U.S.-Iranian relations showed no signs of change over the year. Last year's moves toward dialogue -- with ground-breaking calls by both sides for greater cultural exchanges and a U.S. call to work on a roadmap for discussing problems -- were not followed by any new initiatives in 1999.
Katzmann says that the freeze is largely due to the determination of Iran's conservatives, including Supreme Leader Ayatollah Khamenei, to block any further initiatives. The analyst says he expects further movement from the Iranian side only if moderates win the upcoming legislative elections.
"If Khatami allies are able to gain a majority in the Majlis, we could see some forward progress resuming because then Foreign Minister [Kamal] Kharrazi would be relatively immune from impeachment if he decides to take some risks and move forward.... There could be some minor steps that could lead to bigger things.... The key point is that Khatami will then have a cabinet which cannot then simply be removed by his opponents."
One factor which could complicate Iran's relations with the West in coming months is this year's arrest of 13 Iranian Jews accused of spying for Israel. The vague charges have been strongly criticized by Western governments and human rights groups which fear the Jews are being singled out for persecution.
No trial date has yet been set and it remains unclear how Iran will proceed. In one sign it may accommodate Western concerns to defuse the issue, the head of Tehran's Revolutionary Court recently said Iran has every right to consider its international interests when weighing the case.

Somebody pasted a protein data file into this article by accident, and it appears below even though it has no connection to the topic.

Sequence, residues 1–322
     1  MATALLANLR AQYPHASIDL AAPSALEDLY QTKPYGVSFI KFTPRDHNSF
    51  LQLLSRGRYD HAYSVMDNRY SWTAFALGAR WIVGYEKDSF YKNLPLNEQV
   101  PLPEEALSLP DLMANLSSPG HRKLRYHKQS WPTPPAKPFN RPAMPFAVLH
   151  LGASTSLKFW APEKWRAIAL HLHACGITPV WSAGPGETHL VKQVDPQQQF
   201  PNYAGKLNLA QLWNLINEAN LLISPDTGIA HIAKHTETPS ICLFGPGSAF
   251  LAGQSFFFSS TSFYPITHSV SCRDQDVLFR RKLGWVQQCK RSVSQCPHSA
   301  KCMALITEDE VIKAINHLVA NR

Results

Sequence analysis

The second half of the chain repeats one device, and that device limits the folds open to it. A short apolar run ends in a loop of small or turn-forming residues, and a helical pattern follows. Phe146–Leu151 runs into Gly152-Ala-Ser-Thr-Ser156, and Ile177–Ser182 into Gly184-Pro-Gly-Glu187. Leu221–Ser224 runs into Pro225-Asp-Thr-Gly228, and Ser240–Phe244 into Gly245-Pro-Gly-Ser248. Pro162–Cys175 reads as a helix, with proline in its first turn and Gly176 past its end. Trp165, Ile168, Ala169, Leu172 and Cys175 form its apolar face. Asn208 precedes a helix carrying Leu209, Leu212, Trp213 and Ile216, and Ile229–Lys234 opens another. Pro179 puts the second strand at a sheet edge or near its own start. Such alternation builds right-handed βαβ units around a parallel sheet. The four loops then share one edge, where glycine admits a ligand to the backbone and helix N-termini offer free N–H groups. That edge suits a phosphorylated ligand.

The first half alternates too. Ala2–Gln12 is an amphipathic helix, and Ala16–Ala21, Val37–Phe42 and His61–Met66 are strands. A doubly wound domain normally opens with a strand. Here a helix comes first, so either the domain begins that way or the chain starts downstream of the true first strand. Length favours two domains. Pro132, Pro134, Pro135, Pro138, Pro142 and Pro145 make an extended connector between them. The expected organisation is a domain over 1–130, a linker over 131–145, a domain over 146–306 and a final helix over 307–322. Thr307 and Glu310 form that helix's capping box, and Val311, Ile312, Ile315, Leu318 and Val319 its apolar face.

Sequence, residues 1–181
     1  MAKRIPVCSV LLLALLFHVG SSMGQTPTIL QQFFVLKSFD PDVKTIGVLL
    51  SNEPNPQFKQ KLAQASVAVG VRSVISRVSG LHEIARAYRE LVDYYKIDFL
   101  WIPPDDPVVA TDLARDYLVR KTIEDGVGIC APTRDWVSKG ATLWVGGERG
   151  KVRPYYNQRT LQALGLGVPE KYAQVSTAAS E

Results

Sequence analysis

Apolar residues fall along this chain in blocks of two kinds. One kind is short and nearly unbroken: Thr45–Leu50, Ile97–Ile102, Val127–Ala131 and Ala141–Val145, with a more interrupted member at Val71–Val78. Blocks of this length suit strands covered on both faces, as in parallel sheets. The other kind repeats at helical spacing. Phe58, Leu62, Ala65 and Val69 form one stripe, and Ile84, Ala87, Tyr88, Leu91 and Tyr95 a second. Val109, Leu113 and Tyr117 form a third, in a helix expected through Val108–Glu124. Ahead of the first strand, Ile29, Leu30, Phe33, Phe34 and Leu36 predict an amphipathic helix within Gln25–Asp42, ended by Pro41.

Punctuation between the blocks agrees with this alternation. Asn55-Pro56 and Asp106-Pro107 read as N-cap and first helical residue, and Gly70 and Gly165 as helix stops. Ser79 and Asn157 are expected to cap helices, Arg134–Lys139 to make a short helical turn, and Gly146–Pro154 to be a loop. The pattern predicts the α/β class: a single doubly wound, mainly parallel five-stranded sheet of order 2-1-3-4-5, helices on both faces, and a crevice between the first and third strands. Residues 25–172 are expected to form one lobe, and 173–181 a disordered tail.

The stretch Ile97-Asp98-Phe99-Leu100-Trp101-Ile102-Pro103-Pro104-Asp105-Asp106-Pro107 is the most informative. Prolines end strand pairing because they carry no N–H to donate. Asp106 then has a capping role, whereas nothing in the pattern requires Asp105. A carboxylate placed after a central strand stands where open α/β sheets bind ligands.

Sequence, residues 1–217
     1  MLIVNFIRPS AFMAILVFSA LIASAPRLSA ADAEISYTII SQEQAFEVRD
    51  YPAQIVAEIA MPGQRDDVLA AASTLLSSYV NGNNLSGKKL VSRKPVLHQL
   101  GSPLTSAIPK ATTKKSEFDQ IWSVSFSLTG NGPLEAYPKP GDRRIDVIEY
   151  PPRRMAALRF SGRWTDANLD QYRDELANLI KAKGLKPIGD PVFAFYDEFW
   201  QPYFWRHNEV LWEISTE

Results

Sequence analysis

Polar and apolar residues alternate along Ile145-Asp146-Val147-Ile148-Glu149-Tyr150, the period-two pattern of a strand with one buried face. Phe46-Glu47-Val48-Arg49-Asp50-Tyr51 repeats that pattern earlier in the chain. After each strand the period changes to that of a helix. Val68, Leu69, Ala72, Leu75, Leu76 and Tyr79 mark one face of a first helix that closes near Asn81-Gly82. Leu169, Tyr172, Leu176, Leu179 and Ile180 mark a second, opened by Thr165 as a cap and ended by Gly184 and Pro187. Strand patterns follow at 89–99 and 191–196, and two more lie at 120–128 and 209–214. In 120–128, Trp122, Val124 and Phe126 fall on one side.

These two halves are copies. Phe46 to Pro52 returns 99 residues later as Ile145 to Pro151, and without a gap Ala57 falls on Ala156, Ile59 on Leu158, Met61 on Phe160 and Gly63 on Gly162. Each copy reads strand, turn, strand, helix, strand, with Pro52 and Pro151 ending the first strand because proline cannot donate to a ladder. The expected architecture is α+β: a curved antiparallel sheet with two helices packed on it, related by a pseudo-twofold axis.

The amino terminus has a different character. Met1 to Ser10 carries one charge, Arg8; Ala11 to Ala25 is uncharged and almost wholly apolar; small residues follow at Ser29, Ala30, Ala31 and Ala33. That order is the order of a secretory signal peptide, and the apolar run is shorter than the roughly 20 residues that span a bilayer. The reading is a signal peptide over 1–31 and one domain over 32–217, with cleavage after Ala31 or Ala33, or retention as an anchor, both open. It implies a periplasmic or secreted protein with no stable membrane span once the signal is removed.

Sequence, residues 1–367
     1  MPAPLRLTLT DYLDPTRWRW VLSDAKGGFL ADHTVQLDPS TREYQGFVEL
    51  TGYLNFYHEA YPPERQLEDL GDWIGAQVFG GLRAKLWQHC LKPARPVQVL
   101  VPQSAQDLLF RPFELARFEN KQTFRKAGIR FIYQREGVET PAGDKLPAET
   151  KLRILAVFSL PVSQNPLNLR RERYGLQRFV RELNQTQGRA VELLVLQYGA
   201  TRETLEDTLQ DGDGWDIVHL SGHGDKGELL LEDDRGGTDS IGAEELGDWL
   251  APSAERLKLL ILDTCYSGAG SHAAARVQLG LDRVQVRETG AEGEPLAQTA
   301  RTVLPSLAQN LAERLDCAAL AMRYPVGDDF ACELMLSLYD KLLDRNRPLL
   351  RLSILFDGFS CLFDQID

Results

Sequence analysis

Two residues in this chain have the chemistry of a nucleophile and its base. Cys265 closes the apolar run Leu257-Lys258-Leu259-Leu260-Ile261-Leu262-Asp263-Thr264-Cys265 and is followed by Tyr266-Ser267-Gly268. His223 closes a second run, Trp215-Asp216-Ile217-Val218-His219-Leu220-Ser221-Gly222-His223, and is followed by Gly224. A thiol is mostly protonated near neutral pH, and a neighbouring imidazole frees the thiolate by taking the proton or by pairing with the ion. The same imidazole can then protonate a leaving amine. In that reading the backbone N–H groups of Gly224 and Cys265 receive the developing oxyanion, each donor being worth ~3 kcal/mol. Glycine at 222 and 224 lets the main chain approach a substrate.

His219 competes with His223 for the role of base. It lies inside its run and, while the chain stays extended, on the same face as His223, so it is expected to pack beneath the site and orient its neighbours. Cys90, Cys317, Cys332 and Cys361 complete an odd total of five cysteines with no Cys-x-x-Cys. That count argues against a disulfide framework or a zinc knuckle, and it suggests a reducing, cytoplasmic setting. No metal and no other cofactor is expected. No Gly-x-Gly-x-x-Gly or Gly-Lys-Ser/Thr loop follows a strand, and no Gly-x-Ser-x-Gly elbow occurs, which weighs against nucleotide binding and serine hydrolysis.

Regionally, Iran this year reached out further to Saudi Arabia and the Arab Gulf emirates with high-level visits in both directions. Iran floated the idea of a regional defense pact which analysts say has almost no hope of ever being realized but was another indication of warming ties which Khatami has made a hallmark of his presidency. But progress has yet to be made on the thorny regional dispute over three Gulf islands controlled by Iran and claimed by the United Arab Emirates.
On the economic front, 1999 brought Iran good news as it and the other OPEC members succeeded in raising low oil prices through a cutback in production. Oil prices have almost doubled from $12 a barrel this time last year to around $23.
Tehran, which estimated it lost as much as 40 percent of its foreign currency earnings with the previously low oil prices, needs the price recovery to help fight double-digit inflation and high unemployment.